First, almost all food is produced by “factory farms”: large, industrialised commerical operations which raise animals for food. In the US, 99% of all farm animals are raised on factory farms (Foer 2009: 12). In the UK things are only a bit better: e.g. 95% of all chickens are raised on factory farms, 60% of all pigs are raised on factory farms (Foer 2009: 1).These industrialised operations exist to produce as the largest amount of food possible for the smallest amount of money. Such operations are why, for example, we consume produce from two main kinds of chickens: our eggs come from layers, chicken flesh from broilers. The layers have been bred to lay often and quickly. Layering hens typically start laying between 16-20 weeks old (RSPCA n.d.) and lay roughly 300 egg a year (this compares with a figure of around 80 eggs per hen per year in 1900) (Dáil 2014: 118). The productivity of these specially engineered hens reduces as time goes by. In some cases their egg laying can be reinvigorated by force moulting the hen. That is, the hen is tricked into thinking it is winter, often by the complete removal of food (and sometimes water) for 7-14 days (thankfully, this particular method is banned across the EU). Food is then reintroduced, the hen thinks it is spring, and so starts laying once more at an increased rate. In 2003, an article in the academic journal Poultry Science stated that approximately 75% of farms in the US use force moulting to increase production (Bell 2003). Travelling or living in the US and eating eggs? Chances are your supporting this. Whether or not forced moulting is used, the number of eggs laid drops off so quickly that hens are quickly slaughtered; in the EU most often after two laying seasons, in the US after one. This is simply because it’s cheaper to raise new hens who produce more eggs than it is to keep “older” hens alive producing less eggs. Bear in mind that chickens would normally live for 14-16 years.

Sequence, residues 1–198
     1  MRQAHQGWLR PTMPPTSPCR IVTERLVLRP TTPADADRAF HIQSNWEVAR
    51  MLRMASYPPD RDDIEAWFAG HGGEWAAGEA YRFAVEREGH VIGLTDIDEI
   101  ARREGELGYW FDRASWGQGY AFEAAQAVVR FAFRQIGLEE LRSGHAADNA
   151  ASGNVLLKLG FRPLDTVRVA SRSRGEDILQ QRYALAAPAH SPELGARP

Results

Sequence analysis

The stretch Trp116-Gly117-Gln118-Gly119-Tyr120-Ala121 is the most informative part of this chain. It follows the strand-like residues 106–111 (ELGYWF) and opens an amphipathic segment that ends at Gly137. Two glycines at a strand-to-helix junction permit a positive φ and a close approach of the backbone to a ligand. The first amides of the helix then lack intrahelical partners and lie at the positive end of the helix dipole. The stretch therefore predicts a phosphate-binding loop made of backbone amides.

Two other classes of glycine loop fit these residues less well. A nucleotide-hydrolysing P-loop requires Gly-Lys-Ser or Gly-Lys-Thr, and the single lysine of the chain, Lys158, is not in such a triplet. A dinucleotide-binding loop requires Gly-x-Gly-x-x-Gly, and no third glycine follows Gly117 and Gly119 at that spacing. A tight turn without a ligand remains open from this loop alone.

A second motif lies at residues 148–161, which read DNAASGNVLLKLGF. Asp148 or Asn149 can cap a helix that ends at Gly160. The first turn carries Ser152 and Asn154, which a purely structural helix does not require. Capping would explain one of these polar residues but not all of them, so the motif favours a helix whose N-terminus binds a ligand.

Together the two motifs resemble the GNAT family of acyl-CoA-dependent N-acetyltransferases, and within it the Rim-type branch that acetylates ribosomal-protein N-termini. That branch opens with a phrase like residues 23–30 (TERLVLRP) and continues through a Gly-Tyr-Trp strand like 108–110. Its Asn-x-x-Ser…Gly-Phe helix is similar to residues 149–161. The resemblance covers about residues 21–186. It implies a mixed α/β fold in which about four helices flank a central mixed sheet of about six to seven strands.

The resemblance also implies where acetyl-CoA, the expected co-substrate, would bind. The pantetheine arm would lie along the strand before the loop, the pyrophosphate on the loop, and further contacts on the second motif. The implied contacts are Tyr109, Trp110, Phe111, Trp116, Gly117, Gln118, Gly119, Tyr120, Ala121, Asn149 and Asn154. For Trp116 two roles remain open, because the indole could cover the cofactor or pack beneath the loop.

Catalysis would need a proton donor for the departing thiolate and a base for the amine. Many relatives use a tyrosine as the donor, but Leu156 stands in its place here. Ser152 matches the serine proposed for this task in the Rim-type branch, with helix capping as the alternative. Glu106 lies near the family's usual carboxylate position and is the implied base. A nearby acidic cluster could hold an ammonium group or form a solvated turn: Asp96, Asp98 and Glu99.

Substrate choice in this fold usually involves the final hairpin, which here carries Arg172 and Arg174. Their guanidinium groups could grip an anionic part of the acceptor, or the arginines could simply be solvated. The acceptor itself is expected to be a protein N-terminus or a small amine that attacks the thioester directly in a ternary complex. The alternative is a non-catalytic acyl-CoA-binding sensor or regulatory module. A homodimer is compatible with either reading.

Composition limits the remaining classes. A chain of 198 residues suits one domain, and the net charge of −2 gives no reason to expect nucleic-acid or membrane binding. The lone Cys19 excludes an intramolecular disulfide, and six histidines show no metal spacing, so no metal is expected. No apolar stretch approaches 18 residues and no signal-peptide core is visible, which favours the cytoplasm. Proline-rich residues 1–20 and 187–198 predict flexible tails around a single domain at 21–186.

You might be forgiven for thinking that the male chicks would be fattened up and used for their meat. Back in the day this used to happen but not anymore. This is because it costs too much to fatten up chickens which have been specially bred to lay eggs. Thus the male chicks of laying breeds are simply “destroyed” when 1-3 days old. Sometimes they are thrown alive in to mincers, whereupon they might end up as food for other farm animals. In some countries, such as Germany, where there are laws against killing vertebrates without undue cause, these male chicks must be fed to other animals, because that’s the only reason that can be given for killing them. Where they don’t become feed, they might simply be dumped in landfill. Other methods of “destroying” the chicks include having them “sucked through a series of pipes onto an electrified plate”, or put into plastic containers where “the weak are trampled to the bottom and suffocate slowly … [while] the strong suffocate slowly at the top” (Foer 2009: 47).